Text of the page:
The staff member spent several years taking the money after setting up false bank accounts into which client cheques were paid and money later withdrawn.
A civil servant for 30 years with the DSS, he was reported as needing the money to pay off a blackmailing gay lover who was threatening to reveal his sexuality to his elderly mother.
A church warden, he has since been jailed but only £692,500 of the money has been recovered.
The case is exceptional in the report but figures show the value of the frauds in central government departments increased by 46% during 1998/99 to more than £3m, although the number of cases was actually down by 9%.
Out of the 52 central government bodies that were surveyed, some 27 reported no fraud, but 25 bodies revealed 580 cases. Of those, 199 were in the Department of Social Security – by some distance the highest number – and 129 at the MOD. Prosecutions resulted in 18 people being jailed.
The report shows 214 cases, valued at £482,000, were due to a failure to observe proper controls – a factor sure to be of interest to the National Audit Office. However, more than £1.1m also went missing as a result of failing to separate duties. This type of fraud was up from just £7,000 and the report emphatically recognises separation of duties as a key principle of internal control.
‘Ideally no single person should have responsibility for all the stages of a transaction,’ it says and calls for increased management and post-transaction checks to be installed where it is difficult to separate responsibilities.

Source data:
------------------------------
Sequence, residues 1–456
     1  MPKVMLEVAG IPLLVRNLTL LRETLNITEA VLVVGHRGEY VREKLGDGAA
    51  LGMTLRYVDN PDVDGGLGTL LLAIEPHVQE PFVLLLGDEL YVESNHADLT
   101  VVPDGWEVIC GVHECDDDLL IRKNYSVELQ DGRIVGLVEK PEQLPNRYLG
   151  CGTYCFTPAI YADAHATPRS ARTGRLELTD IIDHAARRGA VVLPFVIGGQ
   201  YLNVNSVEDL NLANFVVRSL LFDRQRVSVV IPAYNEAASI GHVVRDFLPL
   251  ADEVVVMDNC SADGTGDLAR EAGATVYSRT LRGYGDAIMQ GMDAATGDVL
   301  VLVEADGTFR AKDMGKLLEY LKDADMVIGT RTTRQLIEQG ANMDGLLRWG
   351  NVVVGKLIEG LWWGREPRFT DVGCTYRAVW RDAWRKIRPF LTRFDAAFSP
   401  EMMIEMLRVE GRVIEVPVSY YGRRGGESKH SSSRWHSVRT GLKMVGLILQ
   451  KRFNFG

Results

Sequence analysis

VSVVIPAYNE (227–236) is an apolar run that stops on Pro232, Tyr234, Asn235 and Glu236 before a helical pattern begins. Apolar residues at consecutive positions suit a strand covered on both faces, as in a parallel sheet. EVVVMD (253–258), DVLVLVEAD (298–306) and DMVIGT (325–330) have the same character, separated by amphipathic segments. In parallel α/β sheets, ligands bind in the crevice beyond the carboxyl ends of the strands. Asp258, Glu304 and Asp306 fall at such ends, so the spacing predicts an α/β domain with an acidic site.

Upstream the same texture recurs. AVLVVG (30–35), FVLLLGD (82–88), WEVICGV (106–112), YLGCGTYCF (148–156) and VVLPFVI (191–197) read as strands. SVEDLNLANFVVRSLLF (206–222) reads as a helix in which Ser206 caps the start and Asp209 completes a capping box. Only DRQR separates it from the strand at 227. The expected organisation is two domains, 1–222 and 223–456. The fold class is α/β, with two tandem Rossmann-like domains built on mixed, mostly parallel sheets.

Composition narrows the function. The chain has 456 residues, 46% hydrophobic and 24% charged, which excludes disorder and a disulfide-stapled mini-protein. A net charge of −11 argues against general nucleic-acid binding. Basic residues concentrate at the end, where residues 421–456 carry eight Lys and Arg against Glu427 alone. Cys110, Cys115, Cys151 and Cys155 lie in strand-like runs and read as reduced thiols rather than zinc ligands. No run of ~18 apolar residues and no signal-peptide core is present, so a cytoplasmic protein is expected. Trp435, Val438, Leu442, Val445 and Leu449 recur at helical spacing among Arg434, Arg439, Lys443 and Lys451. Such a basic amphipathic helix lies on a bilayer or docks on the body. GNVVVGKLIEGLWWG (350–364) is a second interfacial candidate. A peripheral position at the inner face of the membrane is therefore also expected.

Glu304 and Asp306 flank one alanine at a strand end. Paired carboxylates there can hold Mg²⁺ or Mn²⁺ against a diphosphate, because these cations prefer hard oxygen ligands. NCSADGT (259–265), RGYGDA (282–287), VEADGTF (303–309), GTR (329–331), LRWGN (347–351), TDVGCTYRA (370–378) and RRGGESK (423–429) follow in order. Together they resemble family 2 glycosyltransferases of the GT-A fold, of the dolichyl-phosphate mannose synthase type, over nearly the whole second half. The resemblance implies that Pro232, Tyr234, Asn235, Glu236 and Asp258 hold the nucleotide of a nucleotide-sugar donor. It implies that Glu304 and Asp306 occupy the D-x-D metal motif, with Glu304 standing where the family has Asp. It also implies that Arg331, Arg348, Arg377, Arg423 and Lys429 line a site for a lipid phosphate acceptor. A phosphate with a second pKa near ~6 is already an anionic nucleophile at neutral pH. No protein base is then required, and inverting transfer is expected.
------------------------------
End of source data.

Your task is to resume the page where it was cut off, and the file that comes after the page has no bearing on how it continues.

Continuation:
The growing use of computers to commit fraud is also underlined by the report which links ‘browsing’ on the Internet to more serious fraud.
‘Cases involving unauthorised access or unofficial browsing are not necessarily costly in themselves but could lead on to other frauds of significant value,’ says the report.
A spokesman for the Treasury says: ‘The important thing is what we are doing about it, and we are doing quite a lot.’
She said more information is being provided to government departments, seminars are being run each year and a special paper called Managing the Risk of Fraud has also been produced for managers who are required to produce anti-fraud plans.
Of all the money taken £885,000, or just 29%, has been recovered with government suffering a net loss of more than £2m. This, notes the report, indicates a marginal net improvement in recovery.
The largest amount of fraud, 34%, was characterised as ‘theft of assets’.
Travel and subsistence made up 12% and false claims for overtime represented 8% of the total.
The report acknowledges there is no fixed definition of fraud but, cautiously, it says that even the inappropriate use of the Internet has been included as a reportable offence.
This may be at the mundane end of the scale of fraud and while a single £1m loss is exceptional – there are plenty of other significant frauds listed.
One civil servant stole £80,000 through false expenses claims for journeys.
A number of other officers are believed to have been part of a network and are still under investigation.
Elsewhere another government worker convinced a junior colleague to divulge his computer password so he could keep his work up to date while on holiday.
He is then accused of paying himself pension payments in a case investigators believe involves £477,000.
For the full report visithttp://www.hm-treasury.gov.uk/news
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